Most xenophobic attacks are spontaneous - Malema

2015-04-20 22:02
(Thomas Hartleb, News24)

(Thomas Hartleb, News24)

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Johannesburg – EFF leader Julius Malema said in most cases xenophobic attacks are spontaneous, but people using a knife had the intention to commit a crime.

Referring to the attack on Mozambican Emmanuel Sithole, Malema who visited the Johannesburg township of Alexandra on a door-to-door campaign against xenophobia on Monday, said: “In most cases the xenophobic attacks, they are spontaneous and people use bricks and all those type of things. But a knife. You left your house with an intention to commit crime.

“We have a weak government, we have a weak state. We have a self-serving leadership which has neglected the masses of our people,” he said when asked if the attack would not have happened with a stronger government in place.

Earlier an EFF member was shot and wounded shortly before the party leader arrived in the area to call for an end to xenophobic violence.

The man was shot in the knee, apparently by a man firing into the crowd in the street from the men’s hostel.

“He shot five times into the street. He was hit in the knee,” local EFF member Abey Dikgale told News24.

He did not know the man’s name, adding that it was the “Zulu men’s hostel” and “even the police are scared to go in there”.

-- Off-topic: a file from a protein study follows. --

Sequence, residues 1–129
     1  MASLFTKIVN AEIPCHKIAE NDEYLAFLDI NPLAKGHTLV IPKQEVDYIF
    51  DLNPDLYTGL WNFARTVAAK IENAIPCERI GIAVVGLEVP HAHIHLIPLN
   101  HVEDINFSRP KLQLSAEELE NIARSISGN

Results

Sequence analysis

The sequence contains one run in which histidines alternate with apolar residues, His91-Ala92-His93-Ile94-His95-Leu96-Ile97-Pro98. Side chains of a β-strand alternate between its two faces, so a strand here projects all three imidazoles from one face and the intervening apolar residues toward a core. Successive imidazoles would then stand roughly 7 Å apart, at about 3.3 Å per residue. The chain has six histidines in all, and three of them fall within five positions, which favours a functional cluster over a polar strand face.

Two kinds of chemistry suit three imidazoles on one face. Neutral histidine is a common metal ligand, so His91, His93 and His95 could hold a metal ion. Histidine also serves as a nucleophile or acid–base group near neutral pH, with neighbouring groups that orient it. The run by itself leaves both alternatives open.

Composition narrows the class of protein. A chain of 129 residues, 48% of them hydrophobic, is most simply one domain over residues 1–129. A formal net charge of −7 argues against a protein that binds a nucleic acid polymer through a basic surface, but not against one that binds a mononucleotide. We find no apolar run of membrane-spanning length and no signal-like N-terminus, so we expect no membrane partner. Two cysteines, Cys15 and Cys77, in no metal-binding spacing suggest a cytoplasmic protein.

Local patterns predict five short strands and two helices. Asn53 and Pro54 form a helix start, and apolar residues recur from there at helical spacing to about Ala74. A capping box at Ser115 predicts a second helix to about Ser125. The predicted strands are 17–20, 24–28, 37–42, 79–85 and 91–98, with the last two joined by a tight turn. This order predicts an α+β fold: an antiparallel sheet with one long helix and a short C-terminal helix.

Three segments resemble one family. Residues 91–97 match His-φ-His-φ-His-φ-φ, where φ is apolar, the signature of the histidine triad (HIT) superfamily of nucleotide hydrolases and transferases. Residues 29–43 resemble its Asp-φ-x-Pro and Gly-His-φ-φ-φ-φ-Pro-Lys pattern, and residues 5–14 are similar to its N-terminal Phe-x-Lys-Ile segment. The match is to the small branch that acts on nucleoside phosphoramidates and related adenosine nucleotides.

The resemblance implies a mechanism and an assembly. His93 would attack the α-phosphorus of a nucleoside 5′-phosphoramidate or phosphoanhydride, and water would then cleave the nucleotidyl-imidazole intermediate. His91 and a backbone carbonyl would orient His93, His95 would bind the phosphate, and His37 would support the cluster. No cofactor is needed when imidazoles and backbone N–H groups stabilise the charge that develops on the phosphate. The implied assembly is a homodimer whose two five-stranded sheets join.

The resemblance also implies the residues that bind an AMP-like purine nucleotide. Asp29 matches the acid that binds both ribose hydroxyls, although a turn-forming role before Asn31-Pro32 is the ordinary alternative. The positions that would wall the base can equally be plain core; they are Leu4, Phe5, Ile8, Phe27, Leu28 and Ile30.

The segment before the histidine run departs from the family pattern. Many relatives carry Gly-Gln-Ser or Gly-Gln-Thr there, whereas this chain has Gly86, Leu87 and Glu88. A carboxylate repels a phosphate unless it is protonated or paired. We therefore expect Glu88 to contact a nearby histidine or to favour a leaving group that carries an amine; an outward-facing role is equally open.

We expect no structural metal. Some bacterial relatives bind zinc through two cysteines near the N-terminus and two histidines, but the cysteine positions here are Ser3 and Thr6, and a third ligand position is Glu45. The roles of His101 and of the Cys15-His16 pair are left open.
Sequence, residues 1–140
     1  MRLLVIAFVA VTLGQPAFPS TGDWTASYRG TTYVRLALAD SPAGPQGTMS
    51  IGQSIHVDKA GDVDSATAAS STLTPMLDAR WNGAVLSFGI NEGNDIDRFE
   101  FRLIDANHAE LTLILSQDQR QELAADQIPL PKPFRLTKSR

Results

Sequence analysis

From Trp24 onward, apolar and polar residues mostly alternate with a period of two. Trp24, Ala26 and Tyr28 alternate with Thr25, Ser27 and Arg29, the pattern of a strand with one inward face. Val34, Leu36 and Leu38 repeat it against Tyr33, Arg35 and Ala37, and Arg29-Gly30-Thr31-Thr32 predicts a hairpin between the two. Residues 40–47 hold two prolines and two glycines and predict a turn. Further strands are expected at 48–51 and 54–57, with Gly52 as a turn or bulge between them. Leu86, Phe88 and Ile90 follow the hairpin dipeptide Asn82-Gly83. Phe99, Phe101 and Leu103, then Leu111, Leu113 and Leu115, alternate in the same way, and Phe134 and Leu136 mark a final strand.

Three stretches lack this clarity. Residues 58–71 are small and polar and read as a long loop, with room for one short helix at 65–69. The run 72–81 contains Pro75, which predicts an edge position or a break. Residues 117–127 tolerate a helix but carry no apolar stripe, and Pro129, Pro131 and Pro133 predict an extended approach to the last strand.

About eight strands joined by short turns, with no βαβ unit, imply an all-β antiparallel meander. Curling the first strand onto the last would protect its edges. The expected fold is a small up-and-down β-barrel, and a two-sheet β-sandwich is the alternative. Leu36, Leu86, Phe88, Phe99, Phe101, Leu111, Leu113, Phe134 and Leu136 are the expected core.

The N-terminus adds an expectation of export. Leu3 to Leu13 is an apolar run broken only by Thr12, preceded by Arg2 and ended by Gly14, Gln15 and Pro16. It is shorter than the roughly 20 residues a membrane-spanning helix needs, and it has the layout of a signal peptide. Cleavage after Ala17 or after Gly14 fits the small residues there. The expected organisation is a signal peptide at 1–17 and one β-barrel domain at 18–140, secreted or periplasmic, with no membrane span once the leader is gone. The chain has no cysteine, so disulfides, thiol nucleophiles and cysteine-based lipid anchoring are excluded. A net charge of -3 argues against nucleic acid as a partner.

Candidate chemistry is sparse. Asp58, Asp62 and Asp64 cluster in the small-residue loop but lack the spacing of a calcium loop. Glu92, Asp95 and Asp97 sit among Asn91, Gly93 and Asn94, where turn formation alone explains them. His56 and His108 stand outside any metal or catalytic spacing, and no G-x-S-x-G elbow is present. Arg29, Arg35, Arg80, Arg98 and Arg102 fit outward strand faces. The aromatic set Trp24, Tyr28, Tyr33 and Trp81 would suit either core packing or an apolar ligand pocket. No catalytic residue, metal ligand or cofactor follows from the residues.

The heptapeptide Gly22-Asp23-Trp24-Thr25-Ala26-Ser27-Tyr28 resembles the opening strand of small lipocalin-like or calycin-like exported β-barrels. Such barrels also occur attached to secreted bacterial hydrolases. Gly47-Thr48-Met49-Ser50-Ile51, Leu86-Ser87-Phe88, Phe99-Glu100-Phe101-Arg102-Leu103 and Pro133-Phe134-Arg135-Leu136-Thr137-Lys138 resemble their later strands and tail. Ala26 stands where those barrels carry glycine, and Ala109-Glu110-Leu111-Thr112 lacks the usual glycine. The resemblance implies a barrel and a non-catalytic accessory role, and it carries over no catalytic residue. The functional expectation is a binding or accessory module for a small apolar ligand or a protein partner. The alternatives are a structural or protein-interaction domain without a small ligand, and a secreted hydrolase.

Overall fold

Following the shooting of the EFF member, Malema said: “Today our fighter was shot. No amount of intimidation will stop us from protecting our fellow Africans.”

Referring to the perpetrators of the violence, he said: “Let us put pressure on these people.

We know them. Let us take responsibility and make this place a beautiful place.”

Following by a large crowd as night fell, he then made his way down 4th Avenue and into an alleyway, to visit one local resident, and then another.

Speaking to reporters after the last visit, he said Sithole’s killing was not xenophobia related.

‘We are all Africans’

Earlier Malema addressed a cheering crowd from the back of a double-cab bakkie parked near the Women’s Hostel in 4th Avenue, Malema said he was ashamed of the violence that had so far claimed seven lives. He called for South Africans to respect their fellow Africans, before moving on to criticise the ANC and President Jacob Zuma.

“We are all Africans,” was a line Malema repeated throughout his speech.

Other African countries, which he called “front-line states”, had given anti-apartheid fighters a home, and now it was time to return the favour, he said.

“They never chased us away. Today they are happy we are free. They are coming to us because we help you when you are in trouble. And what do we do? We take out knives and we kill you,” he said.

Sithole was stabbed to death on Arkwright Avenue in Alexandra on Saturday morning, not far from where Malema was speaking.

Malema defended Zulu King Goodwill Zwelithini, saying his remarks in Pongola, KwaZulu-Natal, last month, which have been blamed for starting the xenophobic violence, were not a call to kill foreigners.

“If you are killing people in the name of the Zulus you are wrong. He’s never given you that task. Don’t kill people in the name of the king,” he said.

Read more on:    julius malema  |  johannesburg  |  crime  |  xenophobia

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